My life inside an impressionist painting (shimmer)

Early autumn, Bassin de la Villette, Paris 19dsc02968

If you contemplate Monet’s waterlilies and then turn your gaze back to the present world, everything seems to glow with an inner light, especially here, near where he painted, at about the 50th parallel, a similar latitude to Quebec and Seattle, much farther north than the Washington, DC suburb where I was born, so much closer to the equator. When I first came here, I had no idea what this meant. Something felt “off”…not quite the way it was supposed to be, grayer, muted. In time I understood that the closer you are to the poles, sunlight enters the atmosphere more at a slant, with less intense luminosity, and perhaps a prismatic effect depending on the weather. You have to seek out radiance everywhere you can, but once your eyes adjust, you learn to detect a shimmer in the air, a subtle sparkle in each color…

To be continued…. xxxxx Aliss

My life inside an impressionist painting (cont.)


…From the documentary at the Orangerie museum about Monet’s Waterlily vision: he first imagined creating an immersive environment in 1897 but was unable to work on it for years, grieving for his wife and son, losing his sight to cataracts, then undergoing eye surgery. As war raged across Europe, he was possessed by an almost supernatural energy,  constructing a huge atelier in Giverny to house the panels, now twice the size he originally planned. Encouraged by his friend, the statesman Clémenceau, he completed the canvases  at the end of World War I, as a gift to the people of France and everywhere, as a sanctuary amid the alienating aspects of our modern world.

Clémenceau and Monet chose the Orangerie building both for its location by the Seine, the river flowing through Giverny and Monet’s life,  and also because it stands in  a garden, the Tuileries, on an East-West axis, like Paris itself, aligned with cycles of day and night depicted in the paintings.

I want to see my world as Monet saw, alive with light… past, present, future, eternity in every moment.

xxxxx Aliss

My life inside an impressionist painting (updated Sept. 28)


Reflections from my Parisian village….

Had a hard time reentering the Parisphere this year, so made a list of places to reconnect with the soul of France. First stop: le Musée de l’Orangerie to see Monet’s Waterlilies:

Yes, of course you can take the virtual tour via the link above and you can go there on a crowded weekend, walk through the oval rooms filming with your smartphone, and check it off your list of tourist attractions to “do” in Paris. That’s about how I did it the first time. Then I accompanied US friends to Monet’s home and gardens in Giverny (about two hours northwest) and crossed that off my list, too, but something kept pulling me back. I researched the best time to go to avoid the tour buses and found myself spending hours sitting by the lily pond under the willow branches, immersed in peace and beauty. Then I returned to see the waterlilies at the Orangerie, again and again, weekdays at lunch time, when it’s almost empty, sliding around the oval benches in the soft natural light, facing the panels with soft eyes until the colors imprinted on my retina and I could almost slip between the layers of flowers, water, clouds, and sky. I wanted only the sensual elemental experience, not an intellectual art-snob number, so I deliberately ignored all documentation.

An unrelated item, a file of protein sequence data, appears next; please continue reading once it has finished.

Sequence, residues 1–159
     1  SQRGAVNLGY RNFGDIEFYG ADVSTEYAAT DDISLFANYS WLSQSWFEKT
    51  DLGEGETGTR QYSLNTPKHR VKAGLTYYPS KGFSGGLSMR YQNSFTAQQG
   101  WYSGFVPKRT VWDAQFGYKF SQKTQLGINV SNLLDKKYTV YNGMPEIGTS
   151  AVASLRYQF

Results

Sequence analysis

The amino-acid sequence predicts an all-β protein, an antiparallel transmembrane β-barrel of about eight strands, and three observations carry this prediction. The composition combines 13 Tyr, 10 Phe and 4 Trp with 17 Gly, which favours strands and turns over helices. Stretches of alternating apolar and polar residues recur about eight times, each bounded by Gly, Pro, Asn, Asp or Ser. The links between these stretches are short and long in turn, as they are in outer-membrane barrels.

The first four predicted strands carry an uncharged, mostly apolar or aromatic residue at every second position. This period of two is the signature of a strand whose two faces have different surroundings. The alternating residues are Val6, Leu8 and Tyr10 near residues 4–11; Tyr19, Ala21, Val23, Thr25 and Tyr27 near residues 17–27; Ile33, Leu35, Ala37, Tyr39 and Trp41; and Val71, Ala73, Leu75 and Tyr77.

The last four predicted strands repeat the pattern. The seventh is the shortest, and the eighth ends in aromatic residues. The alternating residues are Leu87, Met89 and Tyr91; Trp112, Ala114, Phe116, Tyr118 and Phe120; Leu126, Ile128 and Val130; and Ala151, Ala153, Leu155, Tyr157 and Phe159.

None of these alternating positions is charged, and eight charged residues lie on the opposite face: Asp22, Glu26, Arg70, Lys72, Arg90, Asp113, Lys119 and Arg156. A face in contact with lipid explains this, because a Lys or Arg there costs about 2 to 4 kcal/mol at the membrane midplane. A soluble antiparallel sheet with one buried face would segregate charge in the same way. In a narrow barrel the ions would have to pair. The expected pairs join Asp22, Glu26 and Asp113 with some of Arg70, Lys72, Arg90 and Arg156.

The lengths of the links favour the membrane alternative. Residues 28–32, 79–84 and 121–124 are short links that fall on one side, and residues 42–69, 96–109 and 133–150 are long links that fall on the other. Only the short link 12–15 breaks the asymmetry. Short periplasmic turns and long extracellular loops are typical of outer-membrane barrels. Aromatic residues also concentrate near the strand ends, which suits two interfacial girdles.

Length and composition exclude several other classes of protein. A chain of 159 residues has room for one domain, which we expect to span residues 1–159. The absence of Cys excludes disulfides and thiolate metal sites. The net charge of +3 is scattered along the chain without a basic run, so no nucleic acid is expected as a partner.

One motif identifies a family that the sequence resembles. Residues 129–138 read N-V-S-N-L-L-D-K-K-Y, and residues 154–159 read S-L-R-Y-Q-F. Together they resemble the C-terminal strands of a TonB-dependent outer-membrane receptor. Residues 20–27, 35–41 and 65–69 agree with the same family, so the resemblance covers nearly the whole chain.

This time I went on a Thursday midday, was almost alone in the twin spaces and finally saw that the exhibit is not a rendering of Giverny’s pond, but more freely interpreted to create loops of time, light, and overlapping worlds. Later I wandered into the deserted audiovisual room downstairs and had the film about how Monet created this place all to myself.  There is much more to say, in the coming days,  about how my vision has been transformed by Monet’s spirit, how I’m seeing my cityscape literally in a different light.

To be continued….. xxxxx Aliss

Horizon Therapy/Back to School (updated Sept 4)

Atlantic Coast near Deauville, August 31, 2016DSC02927


From the Online Etymological Dictionary site:

horizon (n.) Look up horizon at Dictionary.comlate 14c., orisoun, from Old French orizon (14c., Modern French horizon), earlier orizonte (13c.), from Latin horizontem (nominative horizon), from Greek horizon (kyklos) “bounding (circle),” from horizein “bound, limit, divide, separate,” from horos “boundary, landmark, marking stones.” The h- was restored in English 17c. in imitation of Latin. Old English used eaggemearc (“eye-mark”) for “limit of view, horizon.” The apparent horizon is distinguished from the celestial or astronomical horizon.


horizon ‎(plural horizons)

  1. The horizontal line that appears to separate the Earth from the sky.
    A tall building was visible on the horizon.
  2. The range or limit of one’s knowledgeexperience or interest.
    Some students take a gap year after finishing high school to broaden their horizons.
  3. (geology) A specific layer of soil or strata
  4. (archaeology, US) A cultural sub-period or level within a more encompassing time period.
(line separating Earth and sky): skysillskyline


So what is on the horizon as we start a new school year? The next level we want to reach? The limit we want to  transcend? Our intention for our next circle around the sun? Personal? Professional? Global?

As I sift through answers, I remember a song I heard kids singing at Wayfinder Experience bardic circle campfires:

There are many versions, lyrics adapted from a Chinese proverb and put to music by Sharon Durrant…

When there is light in the soul

There is beauty in the person

When there is beauty in the person

There is harmony in the home

When there is harmony in the home

There is honor in the nation

When there is honor in the nation

There is peace in the world


To the light in our souls   xxxxx Aliss